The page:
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From Skilly Litigator: “Re: Citrix. Do you think most hospitals are aware of the software pieces-parts on which they rely daily or do they believe vendor claims that they wrote everything in-house? Do contracts require the big vendors to disclose the third parties whose solution their products require? Do customers ask for specific details about their rights as a sub-licensee? At least one vendor had their reliance on previously undisclosed third-party components disclosed in a lawsuit relating to sublicensing agreements. What happens if the parties go their separate ways or if a once-removed sublicensor retires their product?” Most clients would be aware of expensive third-party components like Citrix, Cache, or drug databases, but probably less so of free and possibly invisible components. Vendor developers use a lot of tools that could be sunsetted, while products that run on servers (web or otherwise) assume that the components they require will be around forever. Perhaps readers would be interested in a webinar on the topic – I’m open to suggestions. I don’t want to be an alarmist if few problems have cropped up related to third-party software components, but maybe it’s a bigger exposure than I assume. I haven’t received confirmation that Citrix hiked their license fees significantly as one hospital executive reported here previously.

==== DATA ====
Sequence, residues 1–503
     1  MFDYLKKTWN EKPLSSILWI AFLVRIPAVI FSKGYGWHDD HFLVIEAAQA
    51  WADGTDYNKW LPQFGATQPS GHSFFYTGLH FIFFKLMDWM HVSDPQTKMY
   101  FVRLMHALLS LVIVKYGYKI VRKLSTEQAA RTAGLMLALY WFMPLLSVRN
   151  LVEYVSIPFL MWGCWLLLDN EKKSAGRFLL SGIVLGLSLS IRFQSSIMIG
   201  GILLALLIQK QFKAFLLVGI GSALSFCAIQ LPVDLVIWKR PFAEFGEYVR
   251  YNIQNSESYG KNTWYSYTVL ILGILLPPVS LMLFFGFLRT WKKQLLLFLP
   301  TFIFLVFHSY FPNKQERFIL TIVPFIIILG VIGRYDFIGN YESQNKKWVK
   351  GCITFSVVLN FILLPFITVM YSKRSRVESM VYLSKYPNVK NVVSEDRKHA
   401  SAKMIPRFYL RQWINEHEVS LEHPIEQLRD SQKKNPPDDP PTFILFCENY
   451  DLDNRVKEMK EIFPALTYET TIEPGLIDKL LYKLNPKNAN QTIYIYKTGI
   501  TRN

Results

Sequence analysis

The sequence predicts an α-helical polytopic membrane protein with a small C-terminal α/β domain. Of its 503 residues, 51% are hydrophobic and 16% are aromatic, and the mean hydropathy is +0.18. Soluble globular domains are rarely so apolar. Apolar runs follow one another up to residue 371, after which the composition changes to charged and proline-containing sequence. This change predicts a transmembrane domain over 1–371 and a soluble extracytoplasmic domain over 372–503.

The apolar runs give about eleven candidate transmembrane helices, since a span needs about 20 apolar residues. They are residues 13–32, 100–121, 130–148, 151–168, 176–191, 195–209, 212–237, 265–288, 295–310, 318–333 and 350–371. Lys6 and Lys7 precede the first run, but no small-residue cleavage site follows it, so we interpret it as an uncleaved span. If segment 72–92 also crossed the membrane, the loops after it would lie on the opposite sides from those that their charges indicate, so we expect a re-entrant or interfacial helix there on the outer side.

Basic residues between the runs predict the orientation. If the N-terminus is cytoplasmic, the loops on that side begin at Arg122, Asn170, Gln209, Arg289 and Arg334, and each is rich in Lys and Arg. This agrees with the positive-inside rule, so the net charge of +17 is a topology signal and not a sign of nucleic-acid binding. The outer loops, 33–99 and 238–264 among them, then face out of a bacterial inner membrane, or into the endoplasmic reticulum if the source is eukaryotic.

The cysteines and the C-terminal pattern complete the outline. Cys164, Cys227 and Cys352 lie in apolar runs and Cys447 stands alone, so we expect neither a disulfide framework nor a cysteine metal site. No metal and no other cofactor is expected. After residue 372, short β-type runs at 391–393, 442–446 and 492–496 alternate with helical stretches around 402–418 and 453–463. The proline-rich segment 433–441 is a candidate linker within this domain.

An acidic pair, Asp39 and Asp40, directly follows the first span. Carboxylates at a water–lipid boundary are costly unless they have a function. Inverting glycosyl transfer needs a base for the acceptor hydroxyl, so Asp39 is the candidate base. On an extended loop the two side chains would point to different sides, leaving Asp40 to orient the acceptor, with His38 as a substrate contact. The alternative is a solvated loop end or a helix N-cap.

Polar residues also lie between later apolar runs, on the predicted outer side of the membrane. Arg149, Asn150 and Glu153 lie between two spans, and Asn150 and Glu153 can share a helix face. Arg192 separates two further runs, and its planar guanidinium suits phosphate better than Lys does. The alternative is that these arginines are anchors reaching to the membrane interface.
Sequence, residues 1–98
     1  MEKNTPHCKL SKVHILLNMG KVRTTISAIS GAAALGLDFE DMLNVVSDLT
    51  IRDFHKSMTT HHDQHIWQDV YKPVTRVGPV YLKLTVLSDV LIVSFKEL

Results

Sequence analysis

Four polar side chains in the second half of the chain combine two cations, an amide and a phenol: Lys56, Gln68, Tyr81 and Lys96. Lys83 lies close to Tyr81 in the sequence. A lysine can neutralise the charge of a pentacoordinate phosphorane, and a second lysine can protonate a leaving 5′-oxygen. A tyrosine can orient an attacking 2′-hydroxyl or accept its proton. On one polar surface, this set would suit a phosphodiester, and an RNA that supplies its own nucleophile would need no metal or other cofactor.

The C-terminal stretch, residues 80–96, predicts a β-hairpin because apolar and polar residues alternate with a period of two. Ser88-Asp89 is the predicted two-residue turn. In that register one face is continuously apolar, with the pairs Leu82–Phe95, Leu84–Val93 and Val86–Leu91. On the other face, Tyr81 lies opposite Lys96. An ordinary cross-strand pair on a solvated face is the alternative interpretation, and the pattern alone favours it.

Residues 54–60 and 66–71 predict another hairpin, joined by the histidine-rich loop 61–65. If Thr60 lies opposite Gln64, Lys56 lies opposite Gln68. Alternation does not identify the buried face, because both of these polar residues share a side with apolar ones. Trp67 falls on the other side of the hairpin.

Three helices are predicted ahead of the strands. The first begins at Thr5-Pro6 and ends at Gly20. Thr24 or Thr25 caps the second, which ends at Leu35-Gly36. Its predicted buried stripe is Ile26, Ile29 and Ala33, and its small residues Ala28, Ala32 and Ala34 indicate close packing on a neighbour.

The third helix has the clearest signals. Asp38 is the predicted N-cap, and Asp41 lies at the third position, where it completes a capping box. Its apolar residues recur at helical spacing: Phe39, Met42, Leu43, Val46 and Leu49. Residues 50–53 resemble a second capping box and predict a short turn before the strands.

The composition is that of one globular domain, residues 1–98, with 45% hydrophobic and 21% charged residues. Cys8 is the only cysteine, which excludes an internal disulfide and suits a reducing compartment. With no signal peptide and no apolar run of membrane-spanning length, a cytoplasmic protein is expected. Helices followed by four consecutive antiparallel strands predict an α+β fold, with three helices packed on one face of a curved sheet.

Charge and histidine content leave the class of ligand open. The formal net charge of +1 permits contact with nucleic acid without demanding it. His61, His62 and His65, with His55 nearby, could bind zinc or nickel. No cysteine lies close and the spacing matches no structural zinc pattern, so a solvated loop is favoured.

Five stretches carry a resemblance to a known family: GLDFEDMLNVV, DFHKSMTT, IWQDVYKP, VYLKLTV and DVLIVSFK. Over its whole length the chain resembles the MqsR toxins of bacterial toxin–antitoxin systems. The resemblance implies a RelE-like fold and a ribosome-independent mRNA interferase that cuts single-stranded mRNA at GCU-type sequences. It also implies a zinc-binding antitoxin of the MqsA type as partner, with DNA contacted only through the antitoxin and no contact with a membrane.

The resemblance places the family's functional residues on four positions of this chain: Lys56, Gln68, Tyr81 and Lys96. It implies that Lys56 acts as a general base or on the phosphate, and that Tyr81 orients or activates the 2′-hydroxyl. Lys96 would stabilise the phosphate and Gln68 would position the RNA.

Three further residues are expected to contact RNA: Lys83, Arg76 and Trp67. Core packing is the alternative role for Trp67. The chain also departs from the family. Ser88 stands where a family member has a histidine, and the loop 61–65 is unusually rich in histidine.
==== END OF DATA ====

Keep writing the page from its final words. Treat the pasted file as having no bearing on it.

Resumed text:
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From Graysky: “Re: Lucro. Consider asking Bruce to disclose ownership interests to your readers when he’s publishing Readers Write articles. Several of the Nashville hospital operators have direct equity in Lucro, which is nothing more than a way for these hospital operator executives to advertise vendors that they have a personal ownership interest in through Lucro. CHS and Lifepoint contribute to the Heritage Innovation Fund, which provides VC funding to many of the vendors that advertise on Lucro. Lucro has already raised a round of funding with Heritage.”

From Cherokee People: “Re: Columbus Regional Health Physicians (IN). Went live on Epic at most of its affiliated and owned physicians offices Wednesday. The hospital is a Cerner shop and has been for a few years now. I’m not aware of any practices affiliated with or owned by Columbus Regional Health that implemented Cerner’s ambulatory solutions.”